Moving Hips to Change Minds
Professional dancers hope to change the popular Turkish view that belly dancing is for loose women.
Gigi Dilşa lives her life hiding in plain sight. She runs errands, says good morning to her neighbors, and goes to work, all while masking her identity. To some, she says she is an English teacher. To others, she is a personal trainer. But neither of these represents who Dilşa is nor what she does for a living.
Dilşa is a belly dancer and here in contemporary Turkish society, belly dancing connotes a woman of poor character.
“I cannot even say in my neighborhood that I’m a belly dancer,” she explains, sweeping on blue eye shadow as she prepares for a night’s performance. “I have to hide it, because it’s not accepted.”
The reputation of belly dancing in Turkey has fluctuated up and down with the current perspective taking a downward turn. But professional dancers are trying to raise that status, despite the pervasive stereotype in Turkish society that it’s vulgar.
Historically, belly dancing (or oryantal as it’s known in Turkey) was thought to be inappropriate for women due to namus, the cultural concept of modesty.
“A lady dancing was seen as a cheap woman, easy woman,” explains Professor Nilüfer Narlı, department chair of sociology at Bahçeşehir University.
This perspective eased in the 1950s when belly dancing began being performed in music halls, with shows pairing dancing and singing, and attendance dominated by couples. However this era was short-lived, with social tensions following both successful and alleged military coups pushing belly dancing underground.
“We had the army coup, and after that things got ugly, so belly dancing was affected with that too,” Dilşa says. “People started performing in nightclubs, nightclub dancers started wearing belly dance costumes, and it brought a bad reputation to belly dancing.”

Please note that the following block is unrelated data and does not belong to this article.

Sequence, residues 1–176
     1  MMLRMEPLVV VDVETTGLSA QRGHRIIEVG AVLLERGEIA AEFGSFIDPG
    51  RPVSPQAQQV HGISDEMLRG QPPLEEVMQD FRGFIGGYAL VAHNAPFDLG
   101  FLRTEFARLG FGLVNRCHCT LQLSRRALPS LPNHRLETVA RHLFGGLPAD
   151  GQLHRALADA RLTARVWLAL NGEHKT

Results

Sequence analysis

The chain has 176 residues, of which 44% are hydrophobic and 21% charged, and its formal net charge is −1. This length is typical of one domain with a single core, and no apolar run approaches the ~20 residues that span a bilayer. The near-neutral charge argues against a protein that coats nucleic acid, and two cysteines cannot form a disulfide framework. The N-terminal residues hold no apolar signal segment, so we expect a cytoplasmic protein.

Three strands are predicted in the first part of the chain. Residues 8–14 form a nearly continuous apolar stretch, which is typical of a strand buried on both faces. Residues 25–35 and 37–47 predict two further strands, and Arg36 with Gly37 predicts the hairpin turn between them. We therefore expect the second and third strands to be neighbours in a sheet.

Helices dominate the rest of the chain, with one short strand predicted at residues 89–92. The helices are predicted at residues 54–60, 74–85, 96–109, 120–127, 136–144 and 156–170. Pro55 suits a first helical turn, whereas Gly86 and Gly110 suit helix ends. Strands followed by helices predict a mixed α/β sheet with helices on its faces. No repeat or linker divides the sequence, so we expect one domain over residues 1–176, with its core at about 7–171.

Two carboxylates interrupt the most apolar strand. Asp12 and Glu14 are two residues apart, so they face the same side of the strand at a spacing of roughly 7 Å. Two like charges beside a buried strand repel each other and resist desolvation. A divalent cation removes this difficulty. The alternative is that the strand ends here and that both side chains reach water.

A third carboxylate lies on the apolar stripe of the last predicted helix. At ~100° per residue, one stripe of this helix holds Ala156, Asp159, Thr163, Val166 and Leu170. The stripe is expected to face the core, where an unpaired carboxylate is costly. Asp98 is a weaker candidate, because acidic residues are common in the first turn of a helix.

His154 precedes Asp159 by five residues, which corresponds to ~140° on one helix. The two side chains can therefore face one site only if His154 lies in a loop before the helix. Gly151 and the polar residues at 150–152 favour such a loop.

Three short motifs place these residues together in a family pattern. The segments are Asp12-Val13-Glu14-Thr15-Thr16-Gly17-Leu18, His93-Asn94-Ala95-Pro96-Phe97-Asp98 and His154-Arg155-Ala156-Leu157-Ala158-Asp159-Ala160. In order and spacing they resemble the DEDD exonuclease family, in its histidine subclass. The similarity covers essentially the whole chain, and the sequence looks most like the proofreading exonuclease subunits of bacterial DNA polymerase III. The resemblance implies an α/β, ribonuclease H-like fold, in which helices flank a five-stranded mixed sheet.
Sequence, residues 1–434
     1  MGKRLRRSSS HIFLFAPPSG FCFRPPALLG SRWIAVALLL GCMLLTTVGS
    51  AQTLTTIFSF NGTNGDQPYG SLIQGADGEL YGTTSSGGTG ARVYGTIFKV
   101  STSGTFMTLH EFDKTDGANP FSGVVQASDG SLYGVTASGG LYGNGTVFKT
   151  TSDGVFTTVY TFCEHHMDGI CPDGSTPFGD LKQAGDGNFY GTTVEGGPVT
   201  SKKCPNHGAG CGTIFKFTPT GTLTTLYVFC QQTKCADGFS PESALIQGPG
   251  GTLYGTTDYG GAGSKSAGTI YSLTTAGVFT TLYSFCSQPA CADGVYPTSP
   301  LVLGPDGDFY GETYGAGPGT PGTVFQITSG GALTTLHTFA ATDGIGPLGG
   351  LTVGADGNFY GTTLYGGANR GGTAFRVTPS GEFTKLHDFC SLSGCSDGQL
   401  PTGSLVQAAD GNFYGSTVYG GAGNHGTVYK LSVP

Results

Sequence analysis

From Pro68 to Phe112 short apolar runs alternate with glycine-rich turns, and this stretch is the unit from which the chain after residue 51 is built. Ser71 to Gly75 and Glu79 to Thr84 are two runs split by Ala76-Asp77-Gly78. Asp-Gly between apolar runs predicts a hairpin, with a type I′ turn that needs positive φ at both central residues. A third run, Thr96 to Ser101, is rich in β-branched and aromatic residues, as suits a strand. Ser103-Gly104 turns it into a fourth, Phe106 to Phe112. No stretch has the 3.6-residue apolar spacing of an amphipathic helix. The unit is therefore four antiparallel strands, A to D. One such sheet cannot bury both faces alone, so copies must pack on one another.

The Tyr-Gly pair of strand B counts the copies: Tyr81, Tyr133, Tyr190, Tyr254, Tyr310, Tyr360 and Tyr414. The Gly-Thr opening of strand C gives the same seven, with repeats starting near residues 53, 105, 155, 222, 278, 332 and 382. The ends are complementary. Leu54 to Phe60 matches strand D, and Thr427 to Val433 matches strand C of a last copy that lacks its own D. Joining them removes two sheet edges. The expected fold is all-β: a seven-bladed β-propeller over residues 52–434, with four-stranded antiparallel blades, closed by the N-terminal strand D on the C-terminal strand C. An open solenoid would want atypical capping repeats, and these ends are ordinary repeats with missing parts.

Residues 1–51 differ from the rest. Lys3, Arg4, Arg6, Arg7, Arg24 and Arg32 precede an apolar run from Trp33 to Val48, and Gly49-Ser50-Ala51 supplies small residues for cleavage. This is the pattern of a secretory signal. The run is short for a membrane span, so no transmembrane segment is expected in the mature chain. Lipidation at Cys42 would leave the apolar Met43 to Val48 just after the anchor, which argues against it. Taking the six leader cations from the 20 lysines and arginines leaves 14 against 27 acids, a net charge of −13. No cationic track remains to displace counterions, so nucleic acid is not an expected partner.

That reputation is still coloring social opinion today. Under Turkey’s current government, belly dancing has been blocked on television, multiple venues that showcased belly dancers – some of them catering to tourists – have closed, and numerous people have stopped hiring belly dancers for weddings, a tradition that dated back to the Ottomans.
“It was about 10 years ago, they had this competition of belly dance, and it looked cute,” Dilşa says. “It wasn’t ugly or cheesy. Then people started thinking more positively about belly dance. But the current government is very conservative. So now it’s going backwards, and it’s going backwards very quickly.”
Yet pockets of society are pushing back against that trend, as people are turning to belly dancing for fitness and as a private activity.
According to Narlı, the 1990s marked the start of mass interest in belly dance education.
“There are many women learning belly dancing, and they go to workshops, training classes,” Narlı says. “This is only for their own personal satisfaction, personal growth.”
Professional dancers are often also teachers, and for many of them, this popularity provides an opportunity to spread an understanding of belly dancing so often misconstrued or ignored by the greater public. It brings people together, these dancers say.
“I see in my class a lady with or without a scarf, a lawyer, a normal student,” says Yıldız Hazel, a professional belly dancer and teacher through an interpreter. “When I see different people in the same room, I am thinking that, well, we are not separated. It makes me happy.”
Dilşa hopes continued interest in classes will one day change the way her profession is viewed in Turkey, dashing the assumption that the women dance for men.
“Belly dancing, when people really fall in love with the dance, when they aren’t doing it for money or attention, then they really see there is something in it for women,” she says. “It’s really for women to be connected and support each other. It makes them stronger.”